Truncated domes (AKA detectable warnings, tactile paving, detectable warning surfaces) are ground surface indicators designed to assist and warn pedestrians who are blind or visually impaired.
Truncated domes feature a unique pattern of cones that are easily detected by a cane or foot, alerting the visually impaired to the presence of a street or sudden drop-off.
Truncated domes were first developed by the Japanese in the mid 1960’s and expanded to Australia and the UK. The United States adopted the technology in the early 1990s, followed soon by Canada.
As of 2014, more than 18 countries have implemented truncated domes in front of rail lines, schools, city crosswalks, and government buildings.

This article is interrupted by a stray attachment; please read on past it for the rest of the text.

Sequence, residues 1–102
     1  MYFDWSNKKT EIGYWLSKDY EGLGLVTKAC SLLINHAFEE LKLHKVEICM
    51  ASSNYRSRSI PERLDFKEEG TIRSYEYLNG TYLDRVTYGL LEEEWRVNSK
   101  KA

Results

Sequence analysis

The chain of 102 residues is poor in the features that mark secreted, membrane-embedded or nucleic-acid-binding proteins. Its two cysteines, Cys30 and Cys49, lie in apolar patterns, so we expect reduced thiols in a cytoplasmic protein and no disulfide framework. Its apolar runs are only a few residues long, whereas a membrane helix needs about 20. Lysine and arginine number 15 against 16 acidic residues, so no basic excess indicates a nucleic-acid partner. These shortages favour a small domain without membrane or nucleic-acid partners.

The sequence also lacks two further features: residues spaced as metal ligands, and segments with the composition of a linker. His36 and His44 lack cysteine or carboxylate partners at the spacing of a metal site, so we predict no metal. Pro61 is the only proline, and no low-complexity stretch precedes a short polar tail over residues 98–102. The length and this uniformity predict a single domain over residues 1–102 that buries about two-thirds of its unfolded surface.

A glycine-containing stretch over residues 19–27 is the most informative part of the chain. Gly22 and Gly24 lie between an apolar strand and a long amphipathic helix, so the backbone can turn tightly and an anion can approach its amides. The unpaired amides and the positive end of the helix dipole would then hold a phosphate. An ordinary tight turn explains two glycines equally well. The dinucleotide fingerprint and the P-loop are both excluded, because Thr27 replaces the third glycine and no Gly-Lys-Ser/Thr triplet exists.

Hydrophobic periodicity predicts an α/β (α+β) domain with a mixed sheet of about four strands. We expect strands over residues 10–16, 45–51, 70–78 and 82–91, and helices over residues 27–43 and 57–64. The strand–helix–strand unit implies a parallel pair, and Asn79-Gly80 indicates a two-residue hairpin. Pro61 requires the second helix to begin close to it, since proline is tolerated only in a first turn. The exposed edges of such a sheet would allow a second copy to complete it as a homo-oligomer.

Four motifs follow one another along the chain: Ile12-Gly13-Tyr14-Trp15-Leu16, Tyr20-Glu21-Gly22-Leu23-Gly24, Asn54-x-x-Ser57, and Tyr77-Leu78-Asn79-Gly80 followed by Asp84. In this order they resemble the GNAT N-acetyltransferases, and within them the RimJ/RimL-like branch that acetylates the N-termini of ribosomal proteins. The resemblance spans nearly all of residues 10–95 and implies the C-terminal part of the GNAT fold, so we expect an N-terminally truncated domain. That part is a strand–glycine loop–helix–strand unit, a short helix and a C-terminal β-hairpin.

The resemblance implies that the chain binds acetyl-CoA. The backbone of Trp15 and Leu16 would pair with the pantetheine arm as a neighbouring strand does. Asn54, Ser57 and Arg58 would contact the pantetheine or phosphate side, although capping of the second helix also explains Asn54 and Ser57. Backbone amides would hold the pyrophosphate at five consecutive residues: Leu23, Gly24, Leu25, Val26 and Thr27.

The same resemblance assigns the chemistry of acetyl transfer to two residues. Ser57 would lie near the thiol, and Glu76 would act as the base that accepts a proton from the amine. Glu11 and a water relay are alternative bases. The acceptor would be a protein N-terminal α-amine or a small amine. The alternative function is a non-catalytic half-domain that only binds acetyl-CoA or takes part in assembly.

Per federal law, there are several guidelines that dictate how a truncated dome can be manufactured. Some of those guidelines are listed below:
Detectable warnings shall consist of a surface of truncated domes aligned in a square or radial grid pattern and shall comply with R304.
R304.1.1 Dome Size.
Truncated domes in a detectable warning surface shall have a base diameter of 23 mm (0.9 in) minimum to 36 mm (1.4 in) maximum, a top diameter of 50 percent of the base diameter minimum to 65 percent of the base diameter maximum, and a height of 5 mm (0.2 in).
Where domes are arrayed radially, they may differ in diameter within the ranges specified.
Truncated domes in a detectable warning surface shall have a center-to-center spacing of 41 mm (1.6 in) minimum and 61 mm (2.4 in) maximum, and a base-to-base spacing of 17 mm (0.65 in) minimum, measured between the most adjacent domes.
Detectable warning surfaces shall contrast visually with adjacent gutter, street or highway, or walkway surfaces, either light-on-dark or dark-on-light.
There are several other considerations defined by ADA regulations.